The Music Junction offers piano and voice lessons at our Burbank and Hollywood locations staffed with educators who know how to inspire and motivate young children. Call us today to learn more.

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    Music Benefits Language Development of Children ages 2-9

    A child’s brain is going through constant stages of development, so parents want to find the best activities to have a positive impact on these developmental years.  The pressure is on, because being able to enhance brain development can have a lifetime impact on the child.

    Research shows that musical training physically develops the part of the left side of the brain known to be involved with processing language, and can actually wire the brain’s circuits in specific ways.  Having enhanced language skills gives a child the advantage of being able to read and understand speech more easily – which has an enormous impact on their ability to learn.  This means music education is an invaluable benefit to a child’s development – enhancing the brain in a way that will put them ahead for years to come.  This makes music lessons an attractive option for parents who want to expose their children to activities that benefit the mind.

    In 2008, a study done with 32 nonmusician children over 9 months showed the affect of music education on speech and reading abilities.  The students were assigned to music or to painting training for 6 months.  Those who studied music showed enhanced reading and pitch discrimination abilities in speech.  Only 6 months of training significantly influenced the development of those neural processes in the brain.   The abstract of the study records how “These results reveal positive transfer from music to speech and highlight the influence of musical training. Finally, they demonstrate brain plasticity in showing that relatively short periods of training have strong consequences on the functional organization of the children’s brain.”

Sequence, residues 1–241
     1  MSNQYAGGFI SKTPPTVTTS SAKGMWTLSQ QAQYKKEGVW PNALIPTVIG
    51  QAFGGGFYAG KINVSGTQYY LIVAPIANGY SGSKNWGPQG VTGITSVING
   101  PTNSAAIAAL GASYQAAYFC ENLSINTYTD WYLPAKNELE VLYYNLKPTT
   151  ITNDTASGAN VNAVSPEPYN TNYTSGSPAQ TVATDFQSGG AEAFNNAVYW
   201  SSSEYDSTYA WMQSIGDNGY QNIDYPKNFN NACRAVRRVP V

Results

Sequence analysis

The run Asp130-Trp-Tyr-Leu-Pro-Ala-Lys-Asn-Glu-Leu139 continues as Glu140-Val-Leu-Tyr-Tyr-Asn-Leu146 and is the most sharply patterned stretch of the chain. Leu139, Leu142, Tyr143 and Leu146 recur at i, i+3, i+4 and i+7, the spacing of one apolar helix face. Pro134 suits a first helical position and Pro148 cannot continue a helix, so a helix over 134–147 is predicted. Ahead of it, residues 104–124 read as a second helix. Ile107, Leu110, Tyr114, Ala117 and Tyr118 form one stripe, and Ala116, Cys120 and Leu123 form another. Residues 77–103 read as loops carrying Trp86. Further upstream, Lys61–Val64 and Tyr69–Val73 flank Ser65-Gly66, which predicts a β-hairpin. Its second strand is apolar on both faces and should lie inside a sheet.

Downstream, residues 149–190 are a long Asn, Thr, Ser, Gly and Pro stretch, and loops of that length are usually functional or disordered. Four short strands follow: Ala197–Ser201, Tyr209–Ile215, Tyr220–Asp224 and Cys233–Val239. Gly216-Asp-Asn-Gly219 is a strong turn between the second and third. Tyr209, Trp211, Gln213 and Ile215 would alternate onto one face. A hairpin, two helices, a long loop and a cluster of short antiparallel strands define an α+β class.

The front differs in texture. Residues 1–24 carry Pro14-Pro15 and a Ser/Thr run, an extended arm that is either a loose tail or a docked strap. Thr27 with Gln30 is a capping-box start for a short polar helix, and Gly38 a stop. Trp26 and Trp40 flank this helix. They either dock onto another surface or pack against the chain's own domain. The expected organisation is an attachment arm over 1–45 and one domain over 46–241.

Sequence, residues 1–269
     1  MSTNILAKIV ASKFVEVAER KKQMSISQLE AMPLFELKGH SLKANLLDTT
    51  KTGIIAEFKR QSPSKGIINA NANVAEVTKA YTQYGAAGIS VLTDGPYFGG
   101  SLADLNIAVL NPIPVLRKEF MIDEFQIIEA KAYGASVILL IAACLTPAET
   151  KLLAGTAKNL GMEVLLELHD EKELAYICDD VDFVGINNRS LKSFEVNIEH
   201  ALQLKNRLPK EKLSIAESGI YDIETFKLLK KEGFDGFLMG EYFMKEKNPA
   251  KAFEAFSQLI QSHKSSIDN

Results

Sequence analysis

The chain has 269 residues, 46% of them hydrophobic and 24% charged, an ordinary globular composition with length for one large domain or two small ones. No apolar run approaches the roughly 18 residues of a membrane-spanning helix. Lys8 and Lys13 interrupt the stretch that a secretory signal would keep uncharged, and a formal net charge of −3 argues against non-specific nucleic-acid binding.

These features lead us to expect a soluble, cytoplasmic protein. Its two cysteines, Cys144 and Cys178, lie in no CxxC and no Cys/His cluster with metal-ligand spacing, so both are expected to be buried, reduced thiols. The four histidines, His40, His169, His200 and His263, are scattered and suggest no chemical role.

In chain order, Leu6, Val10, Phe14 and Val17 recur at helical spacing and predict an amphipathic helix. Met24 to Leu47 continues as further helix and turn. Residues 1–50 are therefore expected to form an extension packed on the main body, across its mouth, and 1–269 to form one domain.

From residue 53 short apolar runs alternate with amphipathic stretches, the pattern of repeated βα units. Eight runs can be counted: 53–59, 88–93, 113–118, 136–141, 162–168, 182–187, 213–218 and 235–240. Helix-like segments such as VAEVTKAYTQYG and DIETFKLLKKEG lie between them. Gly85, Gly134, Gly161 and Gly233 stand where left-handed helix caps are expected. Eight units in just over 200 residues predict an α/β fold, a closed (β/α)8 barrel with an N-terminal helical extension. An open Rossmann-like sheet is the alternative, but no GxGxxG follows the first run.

According to an article by PBS.org, “Linking familiar songs to new information can also help imprint information on young minds.  Additionally, this relationship between music and language development is also socially advantageous to young children.  According to Dr. Kyle Pruett, clinical professor of child psychiatry at Yale School of Medicine and a practicing musician, “Language competence is at the root of social competence. Musical experience strengthens the capacity to be verbally competent.”

    So exposing a child to music lessons does more than provide a great activity and build an appreciation for music, it also changes the course of their brain development to provide enhancements that will affect them the rest of their lives.